2. Know sugar’s aliases  Sugar can be disguised as anything ending in –ose, says Turnbull.  ‘For example maltose, dextrose and fructose are all sugars.’  It may also be listedas molasses, treacle, high-fructose corn syrup and maldodextrin.  ‘Honey, brown sugar and most syrups, even agave nectar that is often touted as a healthy alternative are all sugars,’ says Turnbull.

3. Spot sneaky listing ‘If sugar is in the top three ingredients, that’s a high sugar food,’ says Turnbull.   ‘But manufacturers sometimes sneakily list sugar in different forms on labels to trick people, which is why what ultimately matters is that ‘per 100g’ listing’.  See number one.

What about alternatives?

SWEETENERS Try stevia, a calorie-free sweetener that comes made from a plant.   ‘For baking and celebratory times stevia appears to be a safe alternative that doesn’t spike blood sugar,’ says naturopath Sarah Bowles Flannery.  From supermarkets.

CHEWING GUM Those sweetened with xylitol have been shown to decrease the build up of plaque and tooth decay and are endorsed by the British Dental Foundation as safe and effective (watch out for wind if you have too much).

CONDIMENTS ‘If you love condiments, low sugar alternatives to ketchups and brown sauces include are horseradish, mustard and mint sauce,’ says Lucy Turnbull.

condiments

Ready-made salad dressings can be high in sugar so make your own with ingredients such as lemon or lime, mustard, olive or sesame oil, chilli powder and soy sauce.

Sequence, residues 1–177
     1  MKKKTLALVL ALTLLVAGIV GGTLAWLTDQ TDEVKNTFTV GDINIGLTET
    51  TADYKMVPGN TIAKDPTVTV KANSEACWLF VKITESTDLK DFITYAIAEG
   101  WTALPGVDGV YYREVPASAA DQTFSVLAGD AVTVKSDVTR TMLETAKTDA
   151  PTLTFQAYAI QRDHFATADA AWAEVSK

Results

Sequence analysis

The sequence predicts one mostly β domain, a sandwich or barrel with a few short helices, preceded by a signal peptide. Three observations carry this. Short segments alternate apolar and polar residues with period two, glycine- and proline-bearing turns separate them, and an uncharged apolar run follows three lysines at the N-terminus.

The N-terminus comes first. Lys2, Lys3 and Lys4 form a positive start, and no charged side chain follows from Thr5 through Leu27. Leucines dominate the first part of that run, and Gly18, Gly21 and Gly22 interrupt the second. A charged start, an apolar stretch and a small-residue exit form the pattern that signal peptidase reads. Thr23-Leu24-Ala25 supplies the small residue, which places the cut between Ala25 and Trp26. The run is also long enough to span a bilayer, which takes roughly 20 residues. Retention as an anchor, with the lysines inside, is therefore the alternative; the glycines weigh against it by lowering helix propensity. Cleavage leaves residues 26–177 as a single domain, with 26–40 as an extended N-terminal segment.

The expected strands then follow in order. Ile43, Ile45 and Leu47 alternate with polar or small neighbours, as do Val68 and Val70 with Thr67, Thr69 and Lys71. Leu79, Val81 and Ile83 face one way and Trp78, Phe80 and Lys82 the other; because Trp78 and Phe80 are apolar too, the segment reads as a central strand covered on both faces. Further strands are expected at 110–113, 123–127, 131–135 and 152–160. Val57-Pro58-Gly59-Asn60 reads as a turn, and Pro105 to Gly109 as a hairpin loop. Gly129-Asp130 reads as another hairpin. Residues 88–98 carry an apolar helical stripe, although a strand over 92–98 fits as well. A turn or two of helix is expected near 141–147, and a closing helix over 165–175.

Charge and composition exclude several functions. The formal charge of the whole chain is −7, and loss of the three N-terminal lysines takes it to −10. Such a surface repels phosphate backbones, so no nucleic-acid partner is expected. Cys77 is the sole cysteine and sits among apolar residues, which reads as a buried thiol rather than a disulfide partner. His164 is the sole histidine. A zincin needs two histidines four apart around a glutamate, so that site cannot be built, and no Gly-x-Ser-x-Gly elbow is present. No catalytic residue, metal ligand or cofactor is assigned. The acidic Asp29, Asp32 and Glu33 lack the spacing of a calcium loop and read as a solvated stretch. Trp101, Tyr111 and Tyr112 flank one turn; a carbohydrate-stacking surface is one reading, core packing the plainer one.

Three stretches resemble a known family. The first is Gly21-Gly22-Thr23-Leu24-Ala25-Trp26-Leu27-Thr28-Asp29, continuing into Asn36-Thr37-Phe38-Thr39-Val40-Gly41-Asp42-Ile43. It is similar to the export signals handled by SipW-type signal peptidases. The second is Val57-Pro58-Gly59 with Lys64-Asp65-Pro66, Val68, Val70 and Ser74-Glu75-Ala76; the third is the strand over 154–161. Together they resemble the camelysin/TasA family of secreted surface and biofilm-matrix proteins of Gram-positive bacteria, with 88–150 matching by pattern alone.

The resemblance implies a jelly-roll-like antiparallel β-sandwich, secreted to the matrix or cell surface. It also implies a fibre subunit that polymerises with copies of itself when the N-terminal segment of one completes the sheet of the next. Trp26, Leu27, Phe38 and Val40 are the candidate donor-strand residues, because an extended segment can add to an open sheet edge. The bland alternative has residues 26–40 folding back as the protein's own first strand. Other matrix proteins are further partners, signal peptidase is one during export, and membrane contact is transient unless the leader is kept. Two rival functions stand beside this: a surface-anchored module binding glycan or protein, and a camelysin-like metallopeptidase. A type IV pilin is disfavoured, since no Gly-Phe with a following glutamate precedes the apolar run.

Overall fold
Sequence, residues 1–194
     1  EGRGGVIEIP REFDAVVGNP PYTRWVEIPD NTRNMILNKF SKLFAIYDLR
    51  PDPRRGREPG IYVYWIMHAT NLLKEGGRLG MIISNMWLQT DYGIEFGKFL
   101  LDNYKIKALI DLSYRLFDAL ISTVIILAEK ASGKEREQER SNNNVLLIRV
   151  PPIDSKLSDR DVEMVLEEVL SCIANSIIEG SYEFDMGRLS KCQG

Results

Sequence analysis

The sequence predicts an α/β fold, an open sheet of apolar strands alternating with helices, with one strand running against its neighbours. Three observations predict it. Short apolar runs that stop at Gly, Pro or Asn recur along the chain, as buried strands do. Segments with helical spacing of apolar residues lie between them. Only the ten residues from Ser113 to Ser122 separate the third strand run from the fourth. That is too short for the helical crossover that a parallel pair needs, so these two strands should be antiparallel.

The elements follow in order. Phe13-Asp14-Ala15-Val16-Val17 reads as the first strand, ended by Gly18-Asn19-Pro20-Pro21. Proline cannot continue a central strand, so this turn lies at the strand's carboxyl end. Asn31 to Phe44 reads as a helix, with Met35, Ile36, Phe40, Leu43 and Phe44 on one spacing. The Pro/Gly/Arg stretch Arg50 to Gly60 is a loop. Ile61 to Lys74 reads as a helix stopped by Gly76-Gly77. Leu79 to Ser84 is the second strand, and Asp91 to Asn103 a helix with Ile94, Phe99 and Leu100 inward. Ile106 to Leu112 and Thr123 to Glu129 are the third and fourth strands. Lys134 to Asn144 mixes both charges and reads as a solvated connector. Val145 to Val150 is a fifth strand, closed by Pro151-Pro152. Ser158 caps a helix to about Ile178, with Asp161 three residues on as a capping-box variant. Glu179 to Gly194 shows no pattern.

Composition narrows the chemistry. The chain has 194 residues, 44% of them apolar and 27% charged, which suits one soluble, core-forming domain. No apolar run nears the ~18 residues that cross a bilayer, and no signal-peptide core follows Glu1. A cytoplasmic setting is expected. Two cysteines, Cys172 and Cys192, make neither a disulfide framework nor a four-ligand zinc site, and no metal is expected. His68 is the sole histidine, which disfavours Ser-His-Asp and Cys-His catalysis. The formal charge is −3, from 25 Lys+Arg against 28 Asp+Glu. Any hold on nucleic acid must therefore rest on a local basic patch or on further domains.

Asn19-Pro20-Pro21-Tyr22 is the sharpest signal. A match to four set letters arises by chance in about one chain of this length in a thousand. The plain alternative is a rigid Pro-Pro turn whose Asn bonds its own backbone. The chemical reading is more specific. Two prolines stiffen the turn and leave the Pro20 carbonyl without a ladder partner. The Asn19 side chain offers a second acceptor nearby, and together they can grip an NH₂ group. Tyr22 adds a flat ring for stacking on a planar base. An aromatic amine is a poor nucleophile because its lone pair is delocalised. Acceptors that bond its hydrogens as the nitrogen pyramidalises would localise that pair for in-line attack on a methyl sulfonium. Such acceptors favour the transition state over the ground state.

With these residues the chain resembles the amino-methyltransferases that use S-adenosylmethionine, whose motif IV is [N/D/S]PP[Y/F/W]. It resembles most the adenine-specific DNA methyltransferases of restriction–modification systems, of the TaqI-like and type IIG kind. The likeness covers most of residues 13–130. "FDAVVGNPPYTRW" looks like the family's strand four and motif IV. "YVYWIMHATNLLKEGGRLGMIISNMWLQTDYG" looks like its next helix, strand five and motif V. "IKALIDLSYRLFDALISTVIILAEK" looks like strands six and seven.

DIET DRINKS ‘They contain no sugar but can enhance sugar cravings by keeping you in a cycle of wanting that sugar taste fix throughout the day.  It can keep the sugar habit alive within your taste buds.’

6 Practical ways to slash your sugar intake from nutritionist Sarah Bowles-Flannery

Add cinnamon  Shown in trials to help keep blood sugar even it could help keep cravings at bay. Add cinnamon to plain yoghurt and fruit or porridge for breakfast to keep your cravings at bay during the day.

Add ground cinnamon to your food to keep your blood sugar stable and prevent cravings
Add ground cinnamon to your food to keep your blood sugar stable and prevent cravings

Have protein at every meal Have a little protein such as eggs, nuts, seeds, lean meats and poultry, soya products, tahini or nut butters at breakfast, lunch and dinner and in two snacks mid-morning and mid-afternoon to maintain your blood sugar.

water jugStay hydrated  Or you may mistake thirst for sweet craving so drink your eight glasses of water throughout the day.  To help your body’s absorption of the water you drink you need good mineral balance which you can enhance by eating more fruit and vegetables especially potassium-rich foods such as celery and green veggies.

Get snack happy  If you know your weak spot for sweet cravings is 5pm, schedule a healthy snack for one hour before that to stop the massive blood sugar crash that causes you to crave sweets in its tracks. A small handful raw almonds or walnuts and a piece of fresh fruit or a teaspoon sugar-free peanut, hazelnut, cashew or almond butter on an oatcake would do the trick.

Take Vitamin C It can help regular sugar cravings.  Mix a teaspoon of the powder with water half an hour before you normally get your craving.   Try Biocare Vitamin C powder £21.20  from amazon

Take a 15 minute walk  A study published in the journal Appetite from Exeter University found regular chocolate eaters who went for a daily 15 minute walk during their work day halved the amount of chocolate they ate, even when doing stressful jobs.